Tragedy

Surface Tension

Low-pressure weather systems are a familiar feature of the winter climate in the northern Atlantic. While they often drive wind, rain, and other unpleasantness against Europe’s rocky western margin, this is typically on a “mostly harmless” basis. Early in the evening of 31 January 1953, the weather in northern Europe was damp, chilly, and blustery. These unremarkable seasonal conditions disguised the fact that a storm of extreme severity was massing nearby, and that an ill-fated assortment of meteorological, geophysical, and human factors would soon coalesce into an almost unprecedented watery catastrophe.

The storm scudded past the northern tip of Scotland and took an unusual southerly detour, shifting towards a low-lying soft European overbelly of prime agricultural, industrial, and residential land. The various people, communities, and countries in its path differed in their readiness and in their responses to the looming crisis, yet the next 24 hours were about to teach them all some enduring lessons. In a world that remains awash with extreme weather events—and with increasing numbers of people living in vulnerable coastal areas—the story of this particular storm system’s collision with humanity remains much-studied by emergency planners, and much-remembered in the three countries it so fatally struck.

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Andrée and the Aeronauts' Voyage to the Top of the World

From right to left: S. A. Andrée, Knut Fraenkel, Nils Strindberg, and Vilhelm Swedenborg (Spaeronaut)
From right to left: S. A. Andrée, Knut Fraenkel, Nils Strindberg, and Vilhelm Swedenborg (Spaeronaut)
On the 11th of July 1897, the world breathlessly awaited word from the small Norwegian island of Danskøya in the Arctic Sea. Three gallant Swedish scientists stationed there were about to embark on an enterprise of history-making proportions, and newspapers around the globe had allotted considerable ink to the anticipated adventure. The undertaking was led by renowned engineer Salomon August Andrée, and he was accompanied by his research companions Nils Strindberg and Knut Fraenkel.

In the shadow of a 67-foot-wide spherical hydrogen balloon--one of the largest to have been built at that time--toasts were drunk, telegrams to the Swedish king were dictated, hands were shook, and notes to loved ones were pressed into palms. "Strindberg and Fraenkel!" Andrée cried, "Are you ready to get into the car?" They were, and they dutifully ducked into the four-and-a-half-foot tall, six-foot-wide carriage suspended from the balloon. The whole flying apparatus had been christened the "Örnen," the Swedish word for "Eagle."

"Cut away everywhere!" Andrée commanded after clambering into the Eagle himself, and the ground crew slashed at the lines binding the balloon to the Earth. Hurrahs were offered as the immense, primitive airship pulled away from the wood-plank hangar and bobbed ponderously into the atmosphere. Their mission was to be the first humans to reach the North Pole, taking aerial photographs and scientific measurements along the way for future explorers. If all went according to plan they would then touch down in Siberia or Alaska after a few weeks' flight, laden with information about the top of the world.

Onlookers watched for about an hour as the voluminous sphere shrank into the distance and disappeared into northerly mists. Andrée, Strindberg, and Fraenkel would not arrive on the other side of the planet as planned. But their journey was far from over.

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Pushed to the Limit

On the morning of 15 September 1952, Captain James Robinson Risner sat in the cockpit of an F-86A Sabre and scrutinized the clear azure skies. He was leader of a flight of four Sabres tasked to escort F-84 Thunderjets to bomb the kimchi out of a North Korean chemical factory on the Yuan River. His squinty perseverance paid off when he spotted a flight of enemy jet fighters-- MiG-15s--making a run for his Thunderjets. CPTN Risner's opening salvo hit one MiG so hard it took the canopy off and sent the other 3 MiGs running, but Risner didn't let it end there. The injured enemy took it low, flying hard and dirty along a dry riverbed to escape. Risner and his wingman gave chase, eating the dust and rocks kicked up by the MiG's wash. Risner told "Aces in Combat":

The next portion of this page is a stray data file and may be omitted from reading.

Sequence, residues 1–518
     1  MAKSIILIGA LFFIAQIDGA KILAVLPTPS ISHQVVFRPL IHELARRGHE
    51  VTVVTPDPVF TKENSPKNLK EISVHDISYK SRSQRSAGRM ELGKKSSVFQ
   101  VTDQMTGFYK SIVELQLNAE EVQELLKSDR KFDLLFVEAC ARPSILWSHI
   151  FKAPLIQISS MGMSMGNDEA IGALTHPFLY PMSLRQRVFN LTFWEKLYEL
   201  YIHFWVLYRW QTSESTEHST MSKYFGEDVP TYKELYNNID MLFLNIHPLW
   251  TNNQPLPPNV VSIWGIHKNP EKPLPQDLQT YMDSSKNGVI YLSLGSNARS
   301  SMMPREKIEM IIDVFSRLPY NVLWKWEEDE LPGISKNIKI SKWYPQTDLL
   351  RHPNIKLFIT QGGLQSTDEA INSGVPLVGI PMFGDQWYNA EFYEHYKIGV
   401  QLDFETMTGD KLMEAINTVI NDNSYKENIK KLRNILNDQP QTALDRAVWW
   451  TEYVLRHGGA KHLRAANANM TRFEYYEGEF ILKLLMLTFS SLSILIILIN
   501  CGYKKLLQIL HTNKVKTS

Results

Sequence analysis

"He was not in very good shape, but he was a great pilot - and he was fighting like a cornered rat!

He chopped the throttle and threw his speed brakes out. I coasted up, afraid that I'd overshoot him. I did a roll over the top of him, and when I came down on the other side, I was right on his wing tip. We were both at Idle with our speed brakes out, just coasting.

He looked over at me, raised his hand, and shook his fist. I thought 'This is like a movie. This can't be happening!' He had on a leather helmet and I could see the stitching in it."

The wily chase took the trio into Chinese airspace. Low altitude and high speed conspired to keep the US pilots from seeing an airfield until they were right on top of it. The MiG pilot must have radioed ahead, however, because the field's anti-aircraft guns were manned and firing.

The MiG darted, desperate to make a landing. Risner waited for his moment and hammered him with the last of his 50 CAL rounds. The MiG slammed into the tarmac and burst into flame. As they turned to hurry out of China and back into compliance with official US policy, the wingman, 1st Lieutenant Joe Logan, took a flak shell to the underside of his plane. The Sabre held together and stayed airborne, but her fuel tank was gutted, and her hydraulic fluid was bleeding out.

Bailing the crippled craft guaranteed Logan's capture, but there was no hope of making it 60 miles over anti-aircraft gun infested territory to the nearest rescue detachment. Risner couldn't desert his friend, so instead he did the only possible thing: he attempted the craziest and most daring rescue maneuver in aviation history.

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In Soviet Russia, Lake Contaminates You